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A Pint for a Pound? Reevaluating the Relationship Between Minimum Drinking Age Laws and Birth Outcomes

Author

Listed:
  • Alan I. Barreca

    (Department of Economics, Tulane University)

  • Marianne E. Page

    (Department of Economics, University of California, Davis)

Abstract

Previous research documents a substantive, positive, correlation between the minimum legal drinking age (MLDA) and birth outcomes. Using an improved empirical framework, we reach a different conclusion: there is little or no relationship between the minimum legal drinking age and the health of infants born to young mothers. We do, however, find that MLDA policies are associated with the sex ratio at birth. Our estimates suggest that raising the MLDA may reduce fetal losses.

Suggested Citation

  • Alan I. Barreca & Marianne E. Page, 2012. "A Pint for a Pound? Reevaluating the Relationship Between Minimum Drinking Age Laws and Birth Outcomes," Working Papers 1220, Tulane University, Department of Economics.
  • Handle: RePEc:tul:wpaper:1220
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    File URL: http://repec.tulane.edu/RePEc/pdf/tul1220.pdf
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    References listed on IDEAS

    as
    1. Sandra E. Black & Paul J. Devereux & Kjell G. Salvanes, 2007. "From the Cradle to the Labor Market? The Effect of Birth Weight on Adult Outcomes," The Quarterly Journal of Economics, Oxford University Press, vol. 122(1), pages 409-439.
    2. Douglas Almond & Lena Edlund & Mårten Palme, 2009. "Chernobyl's Subclinical Legacy: Prenatal Exposure to Radioactive Fallout and School Outcomes in Sweden," The Quarterly Journal of Economics, Oxford University Press, vol. 124(4), pages 1729-1772.
    3. Fertig, Angela R. & Watson, Tara, 2009. "Minimum drinking age laws and infant health outcomes," Journal of Health Economics, Elsevier, vol. 28(3), pages 737-747, May.
    4. Sanders, Nicholas J. & Stoecker, Charles, 2015. "Where have all the young men gone? Using sex ratios to measure fetal death rates," Journal of Health Economics, Elsevier, vol. 41(C), pages 30-45.
    5. Sen, Bisakha, 2002. "Does alcohol-use increase the risk of sexual intercourse among adolescents? Evidence from the NLSY97," Journal of Health Economics, Elsevier, vol. 21(6), pages 1085-1093, November.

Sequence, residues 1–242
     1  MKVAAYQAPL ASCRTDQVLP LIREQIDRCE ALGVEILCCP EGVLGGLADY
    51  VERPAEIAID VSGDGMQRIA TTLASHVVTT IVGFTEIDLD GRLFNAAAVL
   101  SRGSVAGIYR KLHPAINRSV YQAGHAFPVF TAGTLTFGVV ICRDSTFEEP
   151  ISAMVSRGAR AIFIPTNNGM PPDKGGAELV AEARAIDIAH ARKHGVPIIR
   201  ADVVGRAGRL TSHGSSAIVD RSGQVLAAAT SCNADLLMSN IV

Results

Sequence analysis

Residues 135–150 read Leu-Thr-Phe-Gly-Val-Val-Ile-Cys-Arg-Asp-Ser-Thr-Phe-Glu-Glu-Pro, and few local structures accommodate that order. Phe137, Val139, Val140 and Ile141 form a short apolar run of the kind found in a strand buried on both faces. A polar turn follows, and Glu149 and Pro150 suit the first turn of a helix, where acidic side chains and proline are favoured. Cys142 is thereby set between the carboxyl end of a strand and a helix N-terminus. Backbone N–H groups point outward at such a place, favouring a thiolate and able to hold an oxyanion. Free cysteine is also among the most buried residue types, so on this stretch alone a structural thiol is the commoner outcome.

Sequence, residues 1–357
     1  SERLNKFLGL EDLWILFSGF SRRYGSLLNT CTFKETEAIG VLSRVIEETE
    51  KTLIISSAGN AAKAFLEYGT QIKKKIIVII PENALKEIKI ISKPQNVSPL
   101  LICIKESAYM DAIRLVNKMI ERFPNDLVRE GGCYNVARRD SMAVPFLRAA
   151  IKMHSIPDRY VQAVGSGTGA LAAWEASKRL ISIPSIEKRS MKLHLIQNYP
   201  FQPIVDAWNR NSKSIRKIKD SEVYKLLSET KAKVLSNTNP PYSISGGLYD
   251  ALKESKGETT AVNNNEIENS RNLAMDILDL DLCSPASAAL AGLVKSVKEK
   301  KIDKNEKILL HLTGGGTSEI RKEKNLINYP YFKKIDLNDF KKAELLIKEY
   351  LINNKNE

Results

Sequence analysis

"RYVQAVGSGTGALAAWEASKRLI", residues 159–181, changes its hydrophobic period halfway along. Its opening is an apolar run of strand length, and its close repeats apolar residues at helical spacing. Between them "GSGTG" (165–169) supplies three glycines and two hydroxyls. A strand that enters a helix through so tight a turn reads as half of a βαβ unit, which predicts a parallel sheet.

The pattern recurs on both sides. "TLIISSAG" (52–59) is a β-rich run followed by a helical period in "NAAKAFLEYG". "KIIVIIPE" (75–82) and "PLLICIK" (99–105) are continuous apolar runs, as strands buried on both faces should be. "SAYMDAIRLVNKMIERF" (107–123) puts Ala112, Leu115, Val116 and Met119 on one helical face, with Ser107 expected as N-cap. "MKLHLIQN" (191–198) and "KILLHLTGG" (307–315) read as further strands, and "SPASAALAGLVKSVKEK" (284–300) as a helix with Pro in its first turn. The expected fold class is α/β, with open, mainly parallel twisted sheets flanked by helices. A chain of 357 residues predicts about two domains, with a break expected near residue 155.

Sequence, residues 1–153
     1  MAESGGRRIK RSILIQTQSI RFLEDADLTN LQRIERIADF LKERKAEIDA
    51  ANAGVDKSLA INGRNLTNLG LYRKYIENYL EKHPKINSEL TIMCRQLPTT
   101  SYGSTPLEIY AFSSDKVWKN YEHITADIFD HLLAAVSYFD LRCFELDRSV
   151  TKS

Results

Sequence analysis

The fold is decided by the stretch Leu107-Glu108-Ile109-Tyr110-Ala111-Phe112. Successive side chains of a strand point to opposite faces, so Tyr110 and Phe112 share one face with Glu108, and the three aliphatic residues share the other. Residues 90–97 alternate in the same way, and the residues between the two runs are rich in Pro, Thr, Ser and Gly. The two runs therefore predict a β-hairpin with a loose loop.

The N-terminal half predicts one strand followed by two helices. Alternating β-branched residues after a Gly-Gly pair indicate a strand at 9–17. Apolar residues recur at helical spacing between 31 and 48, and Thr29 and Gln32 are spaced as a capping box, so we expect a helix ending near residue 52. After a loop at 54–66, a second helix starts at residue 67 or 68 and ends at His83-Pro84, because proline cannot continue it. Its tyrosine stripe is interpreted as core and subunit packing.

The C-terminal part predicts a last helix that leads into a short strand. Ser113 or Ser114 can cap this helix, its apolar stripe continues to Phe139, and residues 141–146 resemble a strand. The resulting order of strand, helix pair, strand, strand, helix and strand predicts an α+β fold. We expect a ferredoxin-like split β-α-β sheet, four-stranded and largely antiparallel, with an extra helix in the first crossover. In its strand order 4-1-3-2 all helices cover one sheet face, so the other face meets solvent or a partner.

6. R. Kaestner, 2000. "A note on the effect of minimum drinking age laws on youth alcohol consumption," Contemporary Economic Policy, Western Economic Association International, vol. 18(3), pages 315-325, July.
    7. Thomas S. Dee, 2001. "The Effects of Minimum Legal Drinking Ages on Teen Childbearing," Journal of Human Resources, University of Wisconsin Press, vol. 36(4), pages 823-838.
    8. Rashad, Inas & Kaestner, Robert, 2004. "Teenage sex, drugs and alcohol use: problems identifying the cause of risky behaviors," Journal of Health Economics, Elsevier, vol. 23(3), pages 493-503, May.
    9. Carpenter, Christopher, 2005. "Youth alcohol use and risky sexual behavior: evidence from underage drunk driving laws," Journal of Health Economics, Elsevier, vol. 24(3), pages 613-628, May.
    10. Rees, Daniel I. & Argys, Laura M. & Averett, Susan L., 2001. "New evidence on the relationship between substance use and adolescent sexual behavior," Journal of Health Economics, Elsevier, vol. 20(5), pages 835-845, September.
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    Cited by:

    1. Stephanie Hinke Kessler Scholder & George L. Wehby & Sarah Lewis & Luisa Zuccolo, 2014. "Alcohol Exposure In Utero and Child Academic Achievement," Economic Journal, Royal Economic Society, vol. 0(576), pages 634-667, May.

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    More about this item

    Keywords

    alcohol; minimum drinking age; infant health; birthweight; fetal death;
    All these keywords.

    JEL classification:

    • I18 - Health, Education, and Welfare - - Health - - - Government Policy; Regulation; Public Health
    • J13 - Labor and Demographic Economics - - Demographic Economics - - - Fertility; Family Planning; Child Care; Children; Youth

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